The CBOE Volatility Index (VIX) isn’t trading at all-time lows this summer, but for some, it’s likely starting to feel that way.
The VIX closed trading before the July 4, 2021 holiday right around 15.
For context, the all-time low in the VIX is about nine, while the all-time high is above 82. Considering that range, it’s safe to say that current volatility readings in the market are on the low side.
Additional volatility readings support the notion that “fear” has left the marketplace—at least temporarily.
For example, according to tastytrade’s volatility metric “IV Rank,” implied volatility in the SPDR S&P 500 ETF Trust (SPY) has plummeted to a 52-week low. The IV Rank for SPY currently stands at 7, as shown in the image below.
As a reminder, IV Rank (aka Implied Volatility Rank) reports how current levels of implied volatility stack up against the most recent 52 weeks of data.
For example, imagine that implied volatility has ranged between 30 and 60 for hypothetical stock XYZ over the past year. If implied volatility is currently trading at 45, then the IV Rank for XYZ would be 50%—right in the middle of its one-year historical range.
On the other hand, if implied volatility was 60 in XYZ, then its IV Rank would be 100%. And if implied volatility was 30, then IV Rank would be 0%.
Options traders often look for opportunities to sell options and volatility when IV Rank is above 50%—depending on a trader’s outlook, trading approach and risk profile.
Circling back to the SPY, one can see how an IV Rank of 7% might not be that inspiring as it pertains to short premium positions.
One should also keep in mind that a dip in volatility during summer isn’t abnormal. Previous research conducted by tastytrade suggests that volatility has historically contracted in early summer, before expanding once again in September and October.
And while some volatility traders elect to purchase options premium when IV Rank plummets below 20%, there are pitfalls to that approach, too. The problem with long options is that they are constantly fighting against theta decay—or the reality that as time passes, options naturally lose value.
That begs the following question—how can traders adjust when volatility hits a lull?
Fortunately, this precise topic was covered on a recent episode of Market Measures on the tastytrade financial network. And according to information explored on the show, there are several important steps that traders can take to tighten risk management controls during lulls in the VIX, while still remaining active in the markets, as outlined in the slide below.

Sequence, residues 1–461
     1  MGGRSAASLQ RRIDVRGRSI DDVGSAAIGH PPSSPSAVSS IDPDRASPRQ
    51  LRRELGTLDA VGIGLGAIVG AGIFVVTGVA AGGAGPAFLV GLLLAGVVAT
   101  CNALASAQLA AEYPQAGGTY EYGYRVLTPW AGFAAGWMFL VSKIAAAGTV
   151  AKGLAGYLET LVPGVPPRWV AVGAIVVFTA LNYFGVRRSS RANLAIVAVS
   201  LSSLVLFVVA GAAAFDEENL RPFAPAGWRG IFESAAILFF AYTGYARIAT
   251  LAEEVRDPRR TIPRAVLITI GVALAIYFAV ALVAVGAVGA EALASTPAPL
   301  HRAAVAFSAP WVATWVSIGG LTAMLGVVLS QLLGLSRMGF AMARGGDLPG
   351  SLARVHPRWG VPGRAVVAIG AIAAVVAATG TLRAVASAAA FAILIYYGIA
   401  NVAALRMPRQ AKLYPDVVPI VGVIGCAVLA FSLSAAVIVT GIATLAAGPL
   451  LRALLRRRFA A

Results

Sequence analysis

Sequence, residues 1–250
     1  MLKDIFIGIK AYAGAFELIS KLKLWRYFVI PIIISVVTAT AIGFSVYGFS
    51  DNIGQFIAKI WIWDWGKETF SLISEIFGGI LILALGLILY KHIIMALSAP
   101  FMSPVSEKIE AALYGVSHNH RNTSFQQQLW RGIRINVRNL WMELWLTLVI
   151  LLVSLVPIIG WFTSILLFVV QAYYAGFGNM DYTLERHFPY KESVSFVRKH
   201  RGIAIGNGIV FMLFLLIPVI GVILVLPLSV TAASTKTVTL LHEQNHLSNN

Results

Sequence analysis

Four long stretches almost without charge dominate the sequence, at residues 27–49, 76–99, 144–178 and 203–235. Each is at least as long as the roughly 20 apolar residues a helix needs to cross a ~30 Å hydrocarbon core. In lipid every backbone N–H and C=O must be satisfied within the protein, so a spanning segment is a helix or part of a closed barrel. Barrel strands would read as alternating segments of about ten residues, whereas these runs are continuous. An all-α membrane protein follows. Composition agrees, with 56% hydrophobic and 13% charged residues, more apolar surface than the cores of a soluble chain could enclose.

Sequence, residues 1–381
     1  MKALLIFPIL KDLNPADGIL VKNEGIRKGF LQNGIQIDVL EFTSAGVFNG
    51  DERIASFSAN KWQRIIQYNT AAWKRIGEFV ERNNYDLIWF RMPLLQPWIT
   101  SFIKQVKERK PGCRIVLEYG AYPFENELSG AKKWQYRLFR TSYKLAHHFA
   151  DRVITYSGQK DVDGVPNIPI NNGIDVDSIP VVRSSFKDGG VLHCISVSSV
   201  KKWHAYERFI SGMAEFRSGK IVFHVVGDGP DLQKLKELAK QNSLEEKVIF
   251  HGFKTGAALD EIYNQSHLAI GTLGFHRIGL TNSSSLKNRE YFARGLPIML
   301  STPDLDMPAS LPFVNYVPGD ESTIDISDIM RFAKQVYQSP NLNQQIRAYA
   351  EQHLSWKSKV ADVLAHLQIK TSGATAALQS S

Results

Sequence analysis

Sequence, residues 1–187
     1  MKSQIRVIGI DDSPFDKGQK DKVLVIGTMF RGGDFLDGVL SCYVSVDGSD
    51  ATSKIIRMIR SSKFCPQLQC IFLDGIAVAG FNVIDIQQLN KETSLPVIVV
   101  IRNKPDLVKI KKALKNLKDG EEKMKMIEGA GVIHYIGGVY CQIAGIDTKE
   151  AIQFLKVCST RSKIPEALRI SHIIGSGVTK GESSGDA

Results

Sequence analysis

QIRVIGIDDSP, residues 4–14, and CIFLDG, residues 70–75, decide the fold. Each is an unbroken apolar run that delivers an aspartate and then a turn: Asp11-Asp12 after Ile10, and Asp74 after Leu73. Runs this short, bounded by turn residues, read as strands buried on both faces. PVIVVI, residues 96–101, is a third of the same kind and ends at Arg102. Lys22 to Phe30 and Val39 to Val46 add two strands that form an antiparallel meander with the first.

Of course, trading small isn’t just for low volatility environments. Staying small and nimble can be recommended in any trading environment, because it can afford traders/investors the ability to capitalize on highly attractive opportunities when they materialize.
But trading small—especially for short premium traders—is particularly prudent in low volatility environments, because market participants never want to get caught on the wrong side of a market-wide expansion in volatility.
Along those lines, it may also be useful to utilize “defined risk” short options strategies in low volatility environments. Defined-risk means that the maximum loss of a position is known prior to trade deployment. And by defining risk, market participants can avoid the potential pain associated with a sudden updraft in market volatility.
Lastly, short options traders may also want to maintain a short delta portfolio lean in their portfolio. This is prudent because when volatility rises, market direction is usually down.
In such scenarios, short options traders that don’t have a portfolio-level hedge often feel pain not only from expanding volatility, but also direction. By establishing a short delta hedge, market participants can help protect themselves from corrective market conditions.
Readers seeking to learn more about the short delta portfolio hedge philosophy may want to review a previous installment of Options Jive which explores this topic in greater detail.
To stay active in low volatility environments, investors and traders can also employ other tactics to stay engaged—even if one’s active daily trading volume is reduced. Some of these tactics include:
- Exploring new sectors, products and strategies
- Identifying what’s moving
- Identifying pockets of the market with high IV Rank
- Staying wary of the long volatility trap
For more information on trading during lulls in the volatility, readers can review the complete episode of Market Measures—What to Do When Vol Dries Up when timing allows.
To follow everything moving the markets, readers can also tune into TASTYTRADE LIVE—weekdays from 7 a.m. to 4 p.m. CST—at their convenience.
Sage Anderson is a pseudonym. He’s an experienced trader of equity derivatives and has managed volatility-based portfolios as a former prop trading firm employee. He’s not an employee of Luckbox, tastytrade or any affiliated companies. Readers can direct questions about this blog or other trading-related subjects, to email@example.com.